Vogue magazine has taken the bold step in revealing all the time and effort taken, that goes into those glossy images of those ‘super natural’ women gracing the front of magazines, in a tell all video aimed at teenage girls and young women.

Having been a young teenager that suffered with body image, it really is about time something was done to educate young women, and prove that even they models on the front of these magazines, don’t even look like that!

Vogue have revealed that, It takes a team of 20 professionals and up to three hours of work to make a supermodel look good enough for a photo shoot.

British Vogue filmed one of its photo shoots to reveal the tricks of the trade to young girls, and to prove that even models don’t look that good in real life.
It shows all the tricks of the trade and just how factors such as  lighting, make-up, and airbrushing are all used to produce those flawless images of women.

The aim of the film is to help young girls understand that what they see on glossy pages is far from the real thing, and to promote a healthier attitude towards girls body image. The film is 10 minutes long and has been sent around to 1000 secondary schools in Britian. There are interviews with, the model, make up artist, photographer and the stylist involved in the photo shoot and everything involved to get that ‘perfect shot.’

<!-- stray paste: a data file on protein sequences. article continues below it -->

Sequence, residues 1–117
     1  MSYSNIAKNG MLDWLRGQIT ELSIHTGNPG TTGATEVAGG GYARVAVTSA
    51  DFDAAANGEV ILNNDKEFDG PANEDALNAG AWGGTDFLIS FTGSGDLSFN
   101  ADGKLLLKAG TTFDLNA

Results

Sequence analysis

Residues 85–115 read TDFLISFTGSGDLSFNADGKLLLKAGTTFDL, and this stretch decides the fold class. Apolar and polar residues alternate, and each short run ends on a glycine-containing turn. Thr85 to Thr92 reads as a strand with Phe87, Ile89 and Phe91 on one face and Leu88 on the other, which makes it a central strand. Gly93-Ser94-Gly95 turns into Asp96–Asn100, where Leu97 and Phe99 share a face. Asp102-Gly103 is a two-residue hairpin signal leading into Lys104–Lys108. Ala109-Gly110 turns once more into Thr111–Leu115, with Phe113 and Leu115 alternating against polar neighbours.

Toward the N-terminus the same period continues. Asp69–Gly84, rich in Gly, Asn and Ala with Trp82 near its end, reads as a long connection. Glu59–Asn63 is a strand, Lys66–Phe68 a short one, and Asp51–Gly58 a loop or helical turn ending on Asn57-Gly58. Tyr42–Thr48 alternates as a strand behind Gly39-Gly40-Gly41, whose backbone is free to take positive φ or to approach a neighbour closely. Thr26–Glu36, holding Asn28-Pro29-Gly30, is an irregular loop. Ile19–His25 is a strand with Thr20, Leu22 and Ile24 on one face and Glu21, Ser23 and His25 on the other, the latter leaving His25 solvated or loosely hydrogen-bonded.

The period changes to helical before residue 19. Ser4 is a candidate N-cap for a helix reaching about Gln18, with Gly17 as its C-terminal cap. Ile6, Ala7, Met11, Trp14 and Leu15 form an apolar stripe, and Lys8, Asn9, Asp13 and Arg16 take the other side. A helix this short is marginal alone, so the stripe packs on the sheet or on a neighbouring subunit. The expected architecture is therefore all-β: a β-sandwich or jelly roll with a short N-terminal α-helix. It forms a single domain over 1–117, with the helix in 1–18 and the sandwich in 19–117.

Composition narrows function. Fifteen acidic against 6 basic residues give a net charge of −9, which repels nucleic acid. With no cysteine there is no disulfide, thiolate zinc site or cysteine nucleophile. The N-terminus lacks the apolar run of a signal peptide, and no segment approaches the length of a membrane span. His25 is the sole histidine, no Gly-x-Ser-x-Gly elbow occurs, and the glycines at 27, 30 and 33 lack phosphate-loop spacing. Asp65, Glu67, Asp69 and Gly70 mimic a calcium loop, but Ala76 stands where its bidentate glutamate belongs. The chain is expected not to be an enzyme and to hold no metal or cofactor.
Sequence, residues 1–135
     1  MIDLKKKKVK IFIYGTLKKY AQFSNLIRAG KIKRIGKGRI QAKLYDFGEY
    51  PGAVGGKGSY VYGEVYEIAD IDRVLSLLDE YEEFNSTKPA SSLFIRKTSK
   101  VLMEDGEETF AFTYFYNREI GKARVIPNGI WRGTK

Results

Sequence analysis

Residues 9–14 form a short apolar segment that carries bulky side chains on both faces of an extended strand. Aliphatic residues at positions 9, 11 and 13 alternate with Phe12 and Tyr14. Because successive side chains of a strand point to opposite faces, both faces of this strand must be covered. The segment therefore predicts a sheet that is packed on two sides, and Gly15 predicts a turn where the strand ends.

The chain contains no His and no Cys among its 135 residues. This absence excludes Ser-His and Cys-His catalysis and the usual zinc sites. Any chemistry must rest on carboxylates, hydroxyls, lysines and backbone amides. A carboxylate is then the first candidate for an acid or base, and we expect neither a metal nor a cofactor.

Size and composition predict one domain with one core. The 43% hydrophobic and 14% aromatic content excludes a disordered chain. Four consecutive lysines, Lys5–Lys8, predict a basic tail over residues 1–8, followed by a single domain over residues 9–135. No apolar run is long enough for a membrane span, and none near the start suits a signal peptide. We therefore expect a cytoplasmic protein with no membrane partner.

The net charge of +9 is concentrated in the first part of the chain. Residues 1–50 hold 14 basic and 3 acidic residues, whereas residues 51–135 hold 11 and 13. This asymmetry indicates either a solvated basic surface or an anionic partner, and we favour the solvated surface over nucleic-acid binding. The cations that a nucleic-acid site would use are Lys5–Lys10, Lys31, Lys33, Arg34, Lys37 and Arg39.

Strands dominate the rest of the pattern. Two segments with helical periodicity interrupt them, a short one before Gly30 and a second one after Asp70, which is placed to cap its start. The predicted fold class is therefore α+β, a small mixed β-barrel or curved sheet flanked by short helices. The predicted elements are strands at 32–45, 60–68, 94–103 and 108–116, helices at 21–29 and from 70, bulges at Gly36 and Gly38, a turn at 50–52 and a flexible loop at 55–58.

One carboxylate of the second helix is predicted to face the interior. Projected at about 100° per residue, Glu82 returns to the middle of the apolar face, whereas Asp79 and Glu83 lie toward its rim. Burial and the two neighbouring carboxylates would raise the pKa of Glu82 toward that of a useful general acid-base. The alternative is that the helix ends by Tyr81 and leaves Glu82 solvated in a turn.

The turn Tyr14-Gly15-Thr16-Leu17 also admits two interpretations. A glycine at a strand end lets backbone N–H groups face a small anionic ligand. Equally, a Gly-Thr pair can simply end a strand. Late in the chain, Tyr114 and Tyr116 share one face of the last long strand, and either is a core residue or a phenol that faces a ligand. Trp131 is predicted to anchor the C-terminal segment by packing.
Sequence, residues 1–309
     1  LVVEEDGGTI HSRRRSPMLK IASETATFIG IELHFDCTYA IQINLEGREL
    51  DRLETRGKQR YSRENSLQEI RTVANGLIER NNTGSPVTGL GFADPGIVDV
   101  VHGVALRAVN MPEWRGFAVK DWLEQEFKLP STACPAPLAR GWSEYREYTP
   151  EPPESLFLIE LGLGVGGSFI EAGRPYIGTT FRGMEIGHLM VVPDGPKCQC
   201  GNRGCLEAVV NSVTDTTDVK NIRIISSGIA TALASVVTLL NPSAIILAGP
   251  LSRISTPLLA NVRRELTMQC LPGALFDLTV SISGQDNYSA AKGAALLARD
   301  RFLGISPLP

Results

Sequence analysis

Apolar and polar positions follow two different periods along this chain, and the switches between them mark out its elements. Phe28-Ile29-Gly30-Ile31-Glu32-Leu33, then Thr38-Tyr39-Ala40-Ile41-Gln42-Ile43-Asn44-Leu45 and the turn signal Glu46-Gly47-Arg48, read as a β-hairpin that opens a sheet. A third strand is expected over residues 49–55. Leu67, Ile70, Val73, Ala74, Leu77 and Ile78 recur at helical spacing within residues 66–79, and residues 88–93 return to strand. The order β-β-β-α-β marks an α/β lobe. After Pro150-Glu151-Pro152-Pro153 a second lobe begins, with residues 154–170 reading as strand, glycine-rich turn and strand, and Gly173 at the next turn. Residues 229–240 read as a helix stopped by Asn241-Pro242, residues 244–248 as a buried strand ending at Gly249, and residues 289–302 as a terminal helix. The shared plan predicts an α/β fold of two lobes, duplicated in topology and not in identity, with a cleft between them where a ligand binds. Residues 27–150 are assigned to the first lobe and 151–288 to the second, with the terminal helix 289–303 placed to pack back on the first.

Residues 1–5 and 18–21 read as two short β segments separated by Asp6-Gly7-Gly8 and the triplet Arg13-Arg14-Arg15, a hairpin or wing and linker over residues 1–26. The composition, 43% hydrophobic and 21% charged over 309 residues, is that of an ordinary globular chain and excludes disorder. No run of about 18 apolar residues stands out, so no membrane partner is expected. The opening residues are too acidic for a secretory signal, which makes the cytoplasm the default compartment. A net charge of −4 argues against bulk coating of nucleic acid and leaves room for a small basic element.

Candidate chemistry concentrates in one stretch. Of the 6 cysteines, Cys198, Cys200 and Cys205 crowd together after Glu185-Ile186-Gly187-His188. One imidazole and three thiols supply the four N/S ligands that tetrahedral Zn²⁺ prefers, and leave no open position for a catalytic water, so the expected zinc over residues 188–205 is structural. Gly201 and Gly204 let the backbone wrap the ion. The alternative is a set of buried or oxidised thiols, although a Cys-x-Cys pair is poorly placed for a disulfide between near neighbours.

One creative director even shows how she digitally alters the model’s bony chest to create a smooth décolletage for one image.

Alexandra Shulman, the editor of British Vogue, said she wanted girls to understand that what appears in the magazine is not something people can physically aspire to.

“The distance between a model getting out of bed in the morning and what you see on the page, well, it’s a huge gap. Most girls understand a fashion image is not a snap shot, but I don’t think they understand quite how elaborate it all is. There are all kinds of tricks people use to create the image they want. It is a construct and at every level people are adding something.”

Statistically, the average dress size for a model is an 8. But only 12% of women in the country are that size or smaller. The average size leaning more towards a UK 14.

It reiterates to the girls that efforts to make oneself that size and shape when it is not your natural build “is a very unhealthy and can even be dangerous”.

Ms Shulman said she did not want to make size the centrepiece of the film, and she defends the use of stick-thin models on her pages.

“Models are thin. It is a part of the job description and, as long as they are healthy, I don’t think it matters. What would bother me is if it becomes the dominant ambition of young girls to be thin, or in fact to be models full stop. There are other things to be.”

Its a bold move and hopefully will help young women to understand that what they are aspiring to is actually non-existent. Instead, take it from me ladies, learn to love and embrace yourself.

Create healthy habits, eat well, indulge every now and then, and exercise. Stay away from the weighing scales as they prove nothing. Weight is not an accurate measure of you. Instead go by the mirror and clothes size and how you feel. Muscle weighs more than fat! Remember that! My measurements have shrunk by inches and inches, and I am much smaller now than I was, but weigh more. Once upon a time I would have freaked out at that concept but how wrong is that when I’m in the best shape I’ve ever been in!

The next step I’d like to see is an issue, where Natural average size women, are gracing and embracing those front pages 😉 Love your lumps and bumps ladies because EVERYONE has them! They are what make you, you. Imperfectly perfect…


Lots of love and positive vibes,


Soph xxx